Heres an excerpt of his blog
some have re-labeled it as a definite atonement-
that is that Jesus died for a specific group of people.
These Calvinists point to the elect
as that “definite" group in favor of limiting the atonement.
On this one, I part company with historical Calvinists
and plead for 1 John2 where John writes that
Jesus did not only die for our sins but for the sins of
'the whole world'."
I have two comments to make about the above statement.
1. Definite atonement is a better word, for Christ died for his elect in a very definite way. He went to the cross for his bride, he was crushed by God the Father for their sins. Christ went to the cross to die for his elect. It was their sins that he paid for. Isaiah 53:11 states that Christ, 'will make many to be accounted righteous, and he shall bear their iniquities'. Note it is the people whose iniquities are bore that are accounted as righteous. If Christ died for 'the whole world' in the same way, then all would have their sins bore by Christ and hence accounted righteous. Which the Bible clearly teaches otherwise.
2. Calvinists only use the phrase "Limited atonement" because if fits with the TULIP acronym.
Most of the opponents to Reformed Theology try to say that Calvinists limit what Christ did on the cross. We proclaim that Christ really saved sinners, that his work on the cross secured his elect. His sacrifice didn't just make it possible for people to come to him (hence guarantees nobody's salvation), but it made it certain that those he died for... would come.
Sunday, July 27, 2008
People today like to say beliefs are not important, it's what you do that matters. I remember sitting in a Sunday school class were the speaker was asking what is better; correct beliefs or right action. Then he proceeded to make a straw man against correct beliefs and then knocked it over in favor of right actions. The problem is you can separate them, beliefs and actions are two sides of the same coin.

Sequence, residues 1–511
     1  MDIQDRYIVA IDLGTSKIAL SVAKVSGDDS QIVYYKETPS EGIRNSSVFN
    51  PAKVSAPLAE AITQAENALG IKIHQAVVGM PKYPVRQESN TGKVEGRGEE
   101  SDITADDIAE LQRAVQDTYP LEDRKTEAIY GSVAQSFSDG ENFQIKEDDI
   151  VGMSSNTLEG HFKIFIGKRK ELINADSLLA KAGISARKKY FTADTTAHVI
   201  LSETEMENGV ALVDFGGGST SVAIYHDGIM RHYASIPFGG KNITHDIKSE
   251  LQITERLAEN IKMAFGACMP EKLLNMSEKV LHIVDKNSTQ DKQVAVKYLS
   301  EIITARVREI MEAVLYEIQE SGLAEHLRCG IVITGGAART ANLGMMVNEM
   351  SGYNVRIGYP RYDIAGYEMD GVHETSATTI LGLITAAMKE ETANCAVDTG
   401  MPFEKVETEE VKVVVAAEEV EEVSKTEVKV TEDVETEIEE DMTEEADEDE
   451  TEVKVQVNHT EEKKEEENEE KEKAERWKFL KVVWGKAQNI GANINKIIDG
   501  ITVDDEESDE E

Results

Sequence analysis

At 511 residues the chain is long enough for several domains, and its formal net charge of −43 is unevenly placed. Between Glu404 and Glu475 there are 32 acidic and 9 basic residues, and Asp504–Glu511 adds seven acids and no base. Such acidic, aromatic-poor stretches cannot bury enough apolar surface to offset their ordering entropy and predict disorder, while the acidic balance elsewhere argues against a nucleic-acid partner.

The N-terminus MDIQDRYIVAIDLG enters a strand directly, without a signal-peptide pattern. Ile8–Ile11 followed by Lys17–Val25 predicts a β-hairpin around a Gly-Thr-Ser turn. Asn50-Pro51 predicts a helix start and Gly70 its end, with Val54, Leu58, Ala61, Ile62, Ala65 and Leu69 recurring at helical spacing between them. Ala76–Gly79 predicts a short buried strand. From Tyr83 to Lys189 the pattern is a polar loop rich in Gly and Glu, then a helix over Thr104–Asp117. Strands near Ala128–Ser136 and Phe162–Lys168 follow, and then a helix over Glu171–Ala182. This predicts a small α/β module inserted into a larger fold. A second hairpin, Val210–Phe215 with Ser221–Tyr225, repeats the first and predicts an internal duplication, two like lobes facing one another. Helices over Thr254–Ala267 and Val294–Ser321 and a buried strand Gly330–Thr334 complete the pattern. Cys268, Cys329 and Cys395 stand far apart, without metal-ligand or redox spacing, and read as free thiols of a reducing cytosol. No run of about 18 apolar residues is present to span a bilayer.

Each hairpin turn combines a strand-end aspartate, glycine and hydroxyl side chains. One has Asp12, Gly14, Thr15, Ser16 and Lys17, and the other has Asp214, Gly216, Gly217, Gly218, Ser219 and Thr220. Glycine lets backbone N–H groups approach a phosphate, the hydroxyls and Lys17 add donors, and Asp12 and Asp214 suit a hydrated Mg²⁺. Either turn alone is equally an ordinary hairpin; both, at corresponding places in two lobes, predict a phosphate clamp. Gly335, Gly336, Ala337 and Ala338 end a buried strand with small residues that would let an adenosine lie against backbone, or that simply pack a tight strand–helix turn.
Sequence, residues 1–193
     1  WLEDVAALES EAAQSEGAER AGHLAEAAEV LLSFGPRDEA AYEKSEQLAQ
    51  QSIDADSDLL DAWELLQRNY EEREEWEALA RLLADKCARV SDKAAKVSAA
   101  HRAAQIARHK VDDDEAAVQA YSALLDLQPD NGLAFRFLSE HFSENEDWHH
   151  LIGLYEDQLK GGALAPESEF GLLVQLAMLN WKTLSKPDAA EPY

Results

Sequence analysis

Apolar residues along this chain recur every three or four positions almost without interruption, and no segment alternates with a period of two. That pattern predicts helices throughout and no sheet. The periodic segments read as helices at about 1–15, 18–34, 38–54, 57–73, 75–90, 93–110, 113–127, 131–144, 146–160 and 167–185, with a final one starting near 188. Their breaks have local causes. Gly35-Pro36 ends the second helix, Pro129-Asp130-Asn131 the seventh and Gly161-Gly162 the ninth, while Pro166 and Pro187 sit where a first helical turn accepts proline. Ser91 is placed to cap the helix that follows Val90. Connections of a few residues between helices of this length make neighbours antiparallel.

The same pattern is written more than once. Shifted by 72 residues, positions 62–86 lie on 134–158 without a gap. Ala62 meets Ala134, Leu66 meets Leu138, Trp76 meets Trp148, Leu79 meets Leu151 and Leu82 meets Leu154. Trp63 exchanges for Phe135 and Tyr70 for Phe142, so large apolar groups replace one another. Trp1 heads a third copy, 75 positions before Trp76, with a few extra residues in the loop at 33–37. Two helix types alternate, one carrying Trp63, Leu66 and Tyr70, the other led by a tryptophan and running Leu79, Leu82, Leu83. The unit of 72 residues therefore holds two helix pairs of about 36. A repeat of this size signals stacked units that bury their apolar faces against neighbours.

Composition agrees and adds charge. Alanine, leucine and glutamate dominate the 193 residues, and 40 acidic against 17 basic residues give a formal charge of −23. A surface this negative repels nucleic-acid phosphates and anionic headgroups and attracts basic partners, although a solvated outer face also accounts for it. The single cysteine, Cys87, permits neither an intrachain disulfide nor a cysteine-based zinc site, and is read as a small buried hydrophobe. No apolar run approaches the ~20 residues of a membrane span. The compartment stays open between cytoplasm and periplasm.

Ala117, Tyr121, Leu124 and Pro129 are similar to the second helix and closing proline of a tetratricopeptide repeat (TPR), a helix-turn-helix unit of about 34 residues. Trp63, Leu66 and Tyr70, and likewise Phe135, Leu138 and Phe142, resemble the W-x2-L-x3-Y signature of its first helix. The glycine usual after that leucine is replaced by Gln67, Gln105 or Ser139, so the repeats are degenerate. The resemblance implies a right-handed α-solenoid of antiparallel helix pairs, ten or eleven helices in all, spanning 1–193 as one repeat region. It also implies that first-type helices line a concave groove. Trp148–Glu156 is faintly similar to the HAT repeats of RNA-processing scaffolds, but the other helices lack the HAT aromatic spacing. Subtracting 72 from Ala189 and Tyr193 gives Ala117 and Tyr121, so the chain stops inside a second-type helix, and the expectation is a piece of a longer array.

What I believe comes out in every conversation, every meeting, in all areas of my life.
My point is, that if one has a wrong view of God, Salvation, Justification, the Church, the Bible, then it will become more and more evident the more you know someone. The more they talk the more the reveal what they believe, it doesn't matter the circumstances, place or topic. What they believe at their core will come out.
That's why as Christians we need to know Biblical Truth, we need to study to show our selfs approved of God, that we would not be deceived by false belief systems in the church or the world.
So I invite you to open up your Bible and read it, study it, memorize it. Let us not dumb down doctrine, but lets push on into the deeper truths of God's word. So that in the every day arenas of our life, Biblical Truth comes out.
Thursday, July 24, 2008
I have seen a lot of teaching illustrations in my time. Some good some bad, Some biblical and others border on heresy. I heard about one today were a Pastor ended up breaking his wrist! Some times a great idea needs to be run past others to make sure it's not a stupid idea... Story of Pastor and motorcycle illustration found here.
Saturday, July 12, 2008
Tuesday, July 1, 2008
What to wear while attending the UFC "revival".
2. Chest protector
4. Pepper Spray.
Better yet, if you want to be knead in the stomach just join your local Karate place. At lest you'll learn how to defend yourself and return blow for blow.
Tuesday, June 24, 2008
Don't you just love that Line? That's your opinion, your way of thinking, well, it's works for you but not for me...
In our post-modern world, to declare that your looking for truth is a praise worthy thing. But to say that you found it, well, how arrogant can you be. Thats so narrow minded.